A & M Plumbing, LLC
Tuesday, May 23, 2017

How to Save More Green on Your Lawn

Lawn lovers know that keeping it green during the hot summer months requires regular watering. Here are some steps you can take to keep your lawn – and wallet – healthy:

  • Water before 8 a.m. If you water your lawn during midday, you’re may lose as much as 30% of the water to evaporation.
  • Avoid watering on windy day.
  • Water when your lawn is thirsty. Step on the lawn and see if your foot’s indention remains. Footprints are a sign of thirst.
  • Install a rain shut-off device on automatic sprinklers.
  • Water in short sessions. Three ten-minute sessions spaced 30 minutes apart enable better absorption than one 30-minute session.
  • Place your sprinkler so that it waters only the lawn, not the street or sidewalk.
  • Check sprinkler system valves periodically for leaks, and keep the heads in good repair.
  • Don’t use sprinklers that spray a fine mist because the water will evaporate quicker.

Let us know if there’s anything we can do to help you conserve more water!

Retro Is In: Save by Retrofitting Your Plumbing Fixtures

Retrofitting is the process of replacing or modifying old fixtures with ones that save water. Consider these for daily water savings:

Ultra-flush toilets – These use only 1.6 gallons per flush (gpf), compared to 3.5–7 gpf.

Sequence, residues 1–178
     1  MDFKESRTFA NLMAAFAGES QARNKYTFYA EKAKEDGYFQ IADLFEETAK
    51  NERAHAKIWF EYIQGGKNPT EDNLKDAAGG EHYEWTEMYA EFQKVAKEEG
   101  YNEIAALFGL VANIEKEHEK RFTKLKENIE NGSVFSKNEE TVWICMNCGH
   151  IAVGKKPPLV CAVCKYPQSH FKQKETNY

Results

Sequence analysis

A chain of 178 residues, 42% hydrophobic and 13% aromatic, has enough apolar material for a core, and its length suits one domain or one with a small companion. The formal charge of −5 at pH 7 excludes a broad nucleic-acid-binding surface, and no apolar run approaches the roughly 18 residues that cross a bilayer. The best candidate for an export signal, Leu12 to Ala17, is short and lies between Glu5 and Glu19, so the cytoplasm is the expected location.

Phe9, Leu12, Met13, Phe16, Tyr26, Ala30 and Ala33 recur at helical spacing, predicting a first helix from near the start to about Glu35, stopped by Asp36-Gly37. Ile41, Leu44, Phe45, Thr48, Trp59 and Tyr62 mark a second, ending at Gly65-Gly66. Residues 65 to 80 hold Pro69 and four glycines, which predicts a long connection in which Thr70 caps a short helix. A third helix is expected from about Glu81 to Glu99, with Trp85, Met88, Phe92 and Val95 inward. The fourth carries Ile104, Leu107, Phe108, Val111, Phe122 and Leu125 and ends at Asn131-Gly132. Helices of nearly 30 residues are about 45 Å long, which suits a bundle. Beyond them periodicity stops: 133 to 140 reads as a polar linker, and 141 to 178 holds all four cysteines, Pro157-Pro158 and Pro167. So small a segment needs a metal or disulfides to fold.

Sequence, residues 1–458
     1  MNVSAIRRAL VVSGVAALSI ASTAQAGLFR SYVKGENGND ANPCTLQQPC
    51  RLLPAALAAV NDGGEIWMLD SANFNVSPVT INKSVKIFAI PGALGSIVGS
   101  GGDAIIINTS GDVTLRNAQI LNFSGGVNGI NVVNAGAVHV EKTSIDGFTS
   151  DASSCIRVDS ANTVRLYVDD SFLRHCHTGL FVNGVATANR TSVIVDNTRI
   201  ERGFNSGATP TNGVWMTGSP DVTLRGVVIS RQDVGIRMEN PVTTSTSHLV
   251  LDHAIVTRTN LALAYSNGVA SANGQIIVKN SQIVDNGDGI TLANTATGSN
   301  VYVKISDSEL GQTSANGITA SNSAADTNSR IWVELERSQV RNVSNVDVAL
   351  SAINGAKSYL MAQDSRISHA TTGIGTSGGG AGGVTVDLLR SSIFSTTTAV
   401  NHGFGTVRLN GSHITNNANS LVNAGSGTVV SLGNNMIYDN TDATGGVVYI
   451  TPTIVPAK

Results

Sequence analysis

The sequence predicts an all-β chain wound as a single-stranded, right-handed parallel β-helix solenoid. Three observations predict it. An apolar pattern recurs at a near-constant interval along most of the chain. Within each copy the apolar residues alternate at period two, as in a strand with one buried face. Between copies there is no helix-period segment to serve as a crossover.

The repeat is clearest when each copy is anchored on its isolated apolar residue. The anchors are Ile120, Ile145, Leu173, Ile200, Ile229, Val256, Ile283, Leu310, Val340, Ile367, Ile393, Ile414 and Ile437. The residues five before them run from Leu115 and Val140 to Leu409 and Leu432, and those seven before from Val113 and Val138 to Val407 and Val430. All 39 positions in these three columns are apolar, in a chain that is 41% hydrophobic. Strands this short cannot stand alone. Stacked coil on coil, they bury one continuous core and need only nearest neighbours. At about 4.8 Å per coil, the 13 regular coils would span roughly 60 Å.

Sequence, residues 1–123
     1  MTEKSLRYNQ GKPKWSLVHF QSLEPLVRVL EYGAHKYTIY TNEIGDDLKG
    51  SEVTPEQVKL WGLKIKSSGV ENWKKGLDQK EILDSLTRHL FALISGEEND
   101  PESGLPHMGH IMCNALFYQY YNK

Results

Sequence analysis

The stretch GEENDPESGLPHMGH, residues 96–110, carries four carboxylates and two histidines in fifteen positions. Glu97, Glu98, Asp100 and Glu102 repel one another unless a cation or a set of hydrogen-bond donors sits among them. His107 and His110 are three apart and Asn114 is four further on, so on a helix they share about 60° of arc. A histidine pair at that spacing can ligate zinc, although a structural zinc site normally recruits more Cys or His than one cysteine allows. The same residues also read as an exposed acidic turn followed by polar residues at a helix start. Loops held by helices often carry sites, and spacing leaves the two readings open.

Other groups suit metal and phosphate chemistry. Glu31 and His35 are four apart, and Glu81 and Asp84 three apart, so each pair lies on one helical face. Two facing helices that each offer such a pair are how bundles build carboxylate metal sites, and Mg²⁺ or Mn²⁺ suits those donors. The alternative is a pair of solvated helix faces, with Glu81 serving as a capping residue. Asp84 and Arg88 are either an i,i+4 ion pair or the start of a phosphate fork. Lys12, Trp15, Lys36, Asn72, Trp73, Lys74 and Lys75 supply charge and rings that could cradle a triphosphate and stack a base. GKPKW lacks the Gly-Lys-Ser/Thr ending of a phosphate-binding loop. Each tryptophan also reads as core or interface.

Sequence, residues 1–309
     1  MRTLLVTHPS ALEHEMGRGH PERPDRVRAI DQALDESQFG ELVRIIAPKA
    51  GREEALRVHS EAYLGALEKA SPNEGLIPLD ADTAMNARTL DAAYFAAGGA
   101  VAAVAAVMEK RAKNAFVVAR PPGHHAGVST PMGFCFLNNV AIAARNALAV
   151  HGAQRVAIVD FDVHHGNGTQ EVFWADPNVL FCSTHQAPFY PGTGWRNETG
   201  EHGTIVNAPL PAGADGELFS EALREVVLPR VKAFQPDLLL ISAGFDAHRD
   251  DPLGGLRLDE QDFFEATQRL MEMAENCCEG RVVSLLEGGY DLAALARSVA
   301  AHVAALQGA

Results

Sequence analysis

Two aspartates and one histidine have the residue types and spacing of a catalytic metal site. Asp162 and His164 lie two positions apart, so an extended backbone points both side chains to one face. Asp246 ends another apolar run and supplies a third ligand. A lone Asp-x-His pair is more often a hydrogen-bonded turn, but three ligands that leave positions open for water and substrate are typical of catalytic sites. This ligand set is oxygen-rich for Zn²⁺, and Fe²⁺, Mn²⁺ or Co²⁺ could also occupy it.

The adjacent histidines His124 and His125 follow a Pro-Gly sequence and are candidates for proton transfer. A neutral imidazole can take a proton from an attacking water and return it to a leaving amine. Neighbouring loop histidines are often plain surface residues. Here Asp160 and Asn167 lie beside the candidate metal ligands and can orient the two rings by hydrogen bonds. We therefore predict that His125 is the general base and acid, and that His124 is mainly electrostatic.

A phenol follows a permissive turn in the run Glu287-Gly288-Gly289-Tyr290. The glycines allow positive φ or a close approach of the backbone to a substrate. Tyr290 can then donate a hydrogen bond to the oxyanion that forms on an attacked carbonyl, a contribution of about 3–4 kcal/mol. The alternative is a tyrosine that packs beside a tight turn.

Low-flow showerheads – Water flows at a rate of 1.5–2.5 gallons per minute (gpm), while older versions flow 4.5–8 gpm.
Faucet aerators – Aerators mix air and water. Ranging from 0.5–2 gpm, they provide a big savings over newer faucets that use 3.5 gpm and older models that use 7 gpm.

Get the Lead OUT

Your home might have more lead than you think. Lead gets into your water after the water leaves your local treatment plant or well. The source is most likely from inside your home’s plumbing. Corrosion, a reaction between the water and pipes or solder, releases the lead into the water.
 
It is estimated that lead in drinking water contributes 10-20% of total lead exposure in young children.
 
Your local health department or water supplier can answer questions about lead in drinking water. Call us for information about a water filtration system.
 

[CompanyName]'s latest video:


[CouponText]
[CouponDisclaimer]
Click or call now: [Phone]
[CouponText2]
[CouponDisclaimer2]
Click or call now: [Phone]
[CouponText3]
[CouponDisclaimer3]
Click or call now: [Phone]